884 F.2d 1392
RICO Bus.Disp.Guide 7323
NEW YORK LIFE INSURANCE COMPANY, and New York Life Insurance
and Annuity Corp., Plaintiffs-Appellees,
John F. GAMBLE, Defendant-Appellant,
Vernon F. Gamble, Jr., Defendant.
United States Court of Appeals, Sixth Circuit.
Sept. 19, 1989.
NOTICE: Sixth Circuit Rule 24(c) states that citation of unpublished dispositions is disfavored except for establishing res judicata, estoppel, or the law of the case and requires service of copies of cited unpublished dispositions of the Sixth Circuit.
Before NATHANIEL R. JONES and ALAN E. NORRIS, Circuit Judges, and RICHARD B. McQUADE, District Judge.*
Defendant-appellant, John Gamble, appeals from the district court's order denying his motion to set aside a default judgment against him. For the following reasons, we affirm the order of the district court.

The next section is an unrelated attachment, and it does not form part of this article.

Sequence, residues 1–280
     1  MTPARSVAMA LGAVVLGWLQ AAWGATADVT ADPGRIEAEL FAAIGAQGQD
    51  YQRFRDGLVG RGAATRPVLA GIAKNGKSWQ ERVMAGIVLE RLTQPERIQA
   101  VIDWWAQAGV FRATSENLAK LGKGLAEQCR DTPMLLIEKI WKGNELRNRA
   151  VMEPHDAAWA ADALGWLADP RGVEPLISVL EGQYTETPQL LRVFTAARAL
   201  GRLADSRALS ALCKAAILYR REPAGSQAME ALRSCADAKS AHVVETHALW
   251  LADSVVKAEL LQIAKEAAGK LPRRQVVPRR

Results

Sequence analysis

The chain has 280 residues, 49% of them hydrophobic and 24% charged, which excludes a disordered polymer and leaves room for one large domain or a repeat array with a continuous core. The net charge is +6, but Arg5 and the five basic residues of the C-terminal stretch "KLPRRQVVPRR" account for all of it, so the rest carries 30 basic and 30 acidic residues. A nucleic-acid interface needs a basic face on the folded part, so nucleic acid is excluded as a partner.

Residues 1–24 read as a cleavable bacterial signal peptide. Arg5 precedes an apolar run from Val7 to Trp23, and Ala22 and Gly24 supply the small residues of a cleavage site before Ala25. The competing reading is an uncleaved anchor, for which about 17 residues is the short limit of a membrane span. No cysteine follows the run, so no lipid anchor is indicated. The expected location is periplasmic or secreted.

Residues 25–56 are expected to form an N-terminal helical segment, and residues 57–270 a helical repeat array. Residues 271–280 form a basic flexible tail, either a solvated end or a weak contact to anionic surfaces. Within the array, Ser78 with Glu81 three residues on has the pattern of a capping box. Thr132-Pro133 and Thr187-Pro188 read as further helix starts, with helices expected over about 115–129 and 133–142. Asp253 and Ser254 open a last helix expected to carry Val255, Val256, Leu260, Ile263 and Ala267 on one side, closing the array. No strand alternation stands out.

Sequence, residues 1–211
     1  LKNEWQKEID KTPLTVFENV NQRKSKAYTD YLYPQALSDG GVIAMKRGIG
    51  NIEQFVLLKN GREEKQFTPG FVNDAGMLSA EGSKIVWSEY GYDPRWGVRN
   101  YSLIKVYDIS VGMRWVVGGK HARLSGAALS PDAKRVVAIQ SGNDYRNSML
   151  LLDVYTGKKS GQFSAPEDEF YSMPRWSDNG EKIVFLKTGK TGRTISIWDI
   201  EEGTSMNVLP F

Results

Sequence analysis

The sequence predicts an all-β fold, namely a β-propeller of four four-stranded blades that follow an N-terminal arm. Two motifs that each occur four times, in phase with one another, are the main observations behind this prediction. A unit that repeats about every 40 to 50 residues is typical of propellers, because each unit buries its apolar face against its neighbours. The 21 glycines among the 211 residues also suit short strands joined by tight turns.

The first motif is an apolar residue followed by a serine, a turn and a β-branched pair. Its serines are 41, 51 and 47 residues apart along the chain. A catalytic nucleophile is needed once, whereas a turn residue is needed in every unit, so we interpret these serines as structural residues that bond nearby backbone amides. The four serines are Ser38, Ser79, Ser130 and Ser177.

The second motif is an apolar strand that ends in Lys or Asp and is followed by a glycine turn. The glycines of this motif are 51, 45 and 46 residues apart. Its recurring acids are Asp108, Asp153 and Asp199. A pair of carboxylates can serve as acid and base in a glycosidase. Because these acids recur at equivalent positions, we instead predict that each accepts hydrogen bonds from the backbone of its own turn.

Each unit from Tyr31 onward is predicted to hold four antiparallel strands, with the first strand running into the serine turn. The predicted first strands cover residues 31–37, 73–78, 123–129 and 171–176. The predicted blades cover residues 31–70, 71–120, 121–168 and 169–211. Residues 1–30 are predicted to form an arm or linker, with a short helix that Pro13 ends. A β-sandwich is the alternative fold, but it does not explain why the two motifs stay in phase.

John Gamble (Gamble) and his father, Vernon Gamble (Vernon), are former agents of the plaintiffs-appellees, New York Life Insurance Company and New York Life Insurance and Annuity Corporation (New York Life). In late 1984, New York Life suspected that John and Vernon Gamble defrauded the companies of over $850,000. After an investigation, New York Life terminated the agency relationship in late 1984 and early 1985. On February 7, 1986, New York Life filed an action alleging fraud, conversion, negligence, and violations of 18 U.S.C. Sec. 1962 (1982) (the Racketeer Influenced and Corrupt Organizations Act). In addition, New York Life sought a declaration of non-liability, unenforceability and recission with respect to John Gamble's disability contracts with the company. On March 28, 1986, John Gamble was served with process through his daughter. At the time of service, according to Gamble, he was receiving psychological treatment for his degenerating mental condition. Consequently he failed to appear or answer New York Life's complaint, either personally or through counsel. On July 7, 1986, New York Life moved for default against Gamble. As a result of Gamble's failure to respond, a default was entered against him on all counts on July 11, 1986.